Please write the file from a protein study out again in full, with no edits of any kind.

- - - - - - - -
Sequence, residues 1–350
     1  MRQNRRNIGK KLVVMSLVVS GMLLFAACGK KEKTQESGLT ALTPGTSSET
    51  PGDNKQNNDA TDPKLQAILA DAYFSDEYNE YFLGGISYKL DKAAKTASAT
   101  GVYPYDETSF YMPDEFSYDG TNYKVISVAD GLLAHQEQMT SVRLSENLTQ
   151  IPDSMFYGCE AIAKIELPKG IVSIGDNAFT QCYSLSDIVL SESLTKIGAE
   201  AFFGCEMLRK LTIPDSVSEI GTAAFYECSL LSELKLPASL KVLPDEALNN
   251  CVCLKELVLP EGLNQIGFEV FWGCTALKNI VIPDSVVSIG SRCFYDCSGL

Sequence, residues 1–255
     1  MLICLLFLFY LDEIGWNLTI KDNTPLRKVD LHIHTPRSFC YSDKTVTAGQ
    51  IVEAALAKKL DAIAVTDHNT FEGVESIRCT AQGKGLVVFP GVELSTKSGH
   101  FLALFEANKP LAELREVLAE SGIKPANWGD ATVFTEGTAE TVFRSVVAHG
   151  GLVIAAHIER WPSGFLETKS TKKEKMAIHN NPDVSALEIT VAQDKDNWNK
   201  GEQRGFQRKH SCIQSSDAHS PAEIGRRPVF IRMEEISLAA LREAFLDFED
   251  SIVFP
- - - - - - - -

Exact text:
Sequence, residues 1–350
     1  MRQNRRNIGK KLVVMSLVVS GMLLFAACGK KEKTQESGLT ALTPGTSSET
    51  PGDNKQNNDA TDPKLQAILA DAYFSDEYNE YFLGGISYKL DKAAKTASAT
   101  GVYPYDETSF YMPDEFSYDG TNYKVISVAD GLLAHQEQMT SVRLSENLTQ
   151  IPDSMFYGCE AIAKIELPKG IVSIGDNAFT QCYSLSDIVL SESLTKIGAE
   201  AFFGCEMLRK LTIPDSVSEI GTAAFYECSL LSELKLPASL KVLPDEALNN
   251  CVCLKELVLP EGLNQIGFEV FWGCTALKNI VIPDSVVSIG SRCFYDCSGL

Sequence, residues 1–255
     1  MLICLLFLFY LDEIGWNLTI KDNTPLRKVD LHIHTPRSFC YSDKTVTAGQ
    51  IVEAALAKKL DAIAVTDHNT FEGVESIRCT AQGKGLVVFP GVELSTKSGH
   101  FLALFEANKP LAELREVLAE SGIKPANWGD ATVFTEGTAE TVFRSVVAHG
   151  GLVIAAHIER WPSGFLETKS TKKEKMAIHN NPDVSALEIT VAQDKDNWNK
   201  GEQRGFQRKH SCIQSSDAHS PAEIGRRPVF IRMEEISLAA LREAFLDFED
   251  SIVFP